Since I graduated in 2011, the benefits of a liberal arts degree have been apparent to me. An educational approach that I was initially skeptical about came through and delivered more than anything I would have hoped to get out of a narrowly specialized degree.
I wasn’t always convinced. At Colorado College, I quickly chose to major in mathematical economics and filled my first blocks exclusively with classes that would help me fulfill its requirements. Soon however my inevitable immersion in the liberal arts began – I left my stronghold in Palmer hall. And I t took different classes, like Buddhism and history, and I minored in environmental issues. I learned that at the core of the liberal arts was an interdisciplinary approach to learning. This was an approach that built bridges between disciplines and offered a solution to contemporary issues.
The world outside of the Colorado College bubble confirmed this, as it seemed to be crumbling under the weight of problems which urgently called for a multidisciplinary mindset. The demise of Lehman Brothers soon underscored the importance of psychology in economic models, while climate change called for the combination of social science with climate science, in itself an aggregation of numerous scientific disciplines.
Out of college, I managed to get a job analyzing climate change policies. I was fortunate to join a highly talented team with members holding specialized masters and PhDs. Our work required a deep understanding of both public policy and economics. This is where my liberal arts degree kicked in big time.
I quickly became comfortable reading the convoluted legislative texts (something some of my colleagues felt squeamish about) – shout out to Phil Kannan’s block in environmental policy – and used theory from environmental economics – thanks Mark Smith – to understand the logic behind climate change policies. These enhanced the quantitative nature of my work and meant that I was not only able to crunch numbers, but present to audiences what the numbers meant for climate policy.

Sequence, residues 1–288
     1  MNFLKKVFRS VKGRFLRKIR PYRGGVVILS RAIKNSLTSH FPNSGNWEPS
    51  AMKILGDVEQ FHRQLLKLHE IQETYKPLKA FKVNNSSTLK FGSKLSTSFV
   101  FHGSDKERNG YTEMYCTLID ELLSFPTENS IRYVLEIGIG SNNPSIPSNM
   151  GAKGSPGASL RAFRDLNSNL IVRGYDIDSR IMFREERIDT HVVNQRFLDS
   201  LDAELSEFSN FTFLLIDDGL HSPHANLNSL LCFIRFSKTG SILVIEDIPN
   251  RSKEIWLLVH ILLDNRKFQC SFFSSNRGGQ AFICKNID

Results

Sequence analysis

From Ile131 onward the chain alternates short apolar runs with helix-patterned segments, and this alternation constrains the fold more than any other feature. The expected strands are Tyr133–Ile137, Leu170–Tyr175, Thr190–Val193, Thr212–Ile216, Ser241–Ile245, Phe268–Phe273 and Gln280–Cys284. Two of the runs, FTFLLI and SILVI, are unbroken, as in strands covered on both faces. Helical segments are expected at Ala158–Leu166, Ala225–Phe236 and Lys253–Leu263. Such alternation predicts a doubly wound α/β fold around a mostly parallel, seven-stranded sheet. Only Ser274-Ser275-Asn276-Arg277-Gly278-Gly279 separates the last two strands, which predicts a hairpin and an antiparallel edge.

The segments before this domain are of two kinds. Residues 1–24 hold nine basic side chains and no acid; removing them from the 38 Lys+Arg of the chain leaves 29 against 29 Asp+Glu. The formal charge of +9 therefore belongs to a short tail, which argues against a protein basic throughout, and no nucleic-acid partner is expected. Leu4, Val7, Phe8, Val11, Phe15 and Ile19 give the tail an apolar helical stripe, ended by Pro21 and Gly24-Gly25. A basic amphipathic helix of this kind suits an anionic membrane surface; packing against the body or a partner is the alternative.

My experience is hardly unique. Nor are the liberal arts only applicable to climate change. A positive change in any field is commonly associated with “thinking outside of the box”. Malcolm Gladwell advances this notion in his latest book David and Goliath, where he praises the hidden strengths of people with an outsider’s perspective. Outsiders, while knowledgeable, have not dedicated their mindset and belief system on a narrow view of the world. They are the ones who are more likely to question, and change, the status quo.
People with a multidisciplinary mindset can also be better at making predictions, as Nate Silver argues in the Signal and the Noise. It takes an appreciation of complex interactions between systems belonging to different disciplines to be a successful forecaster. Similarly, it takes a journalist with a scientific understanding to raise ecological awareness, just as it takes an artist with an environmental attunement to energize and inspire others.
Have you graduated from a liberal arts school? Then make the most of the advantages the liberal arts have conferred on you. Because you probably have a lot to offer compared to peers with narrowly specialized degrees.
Image credit: Esther Chan ’16 Colorado College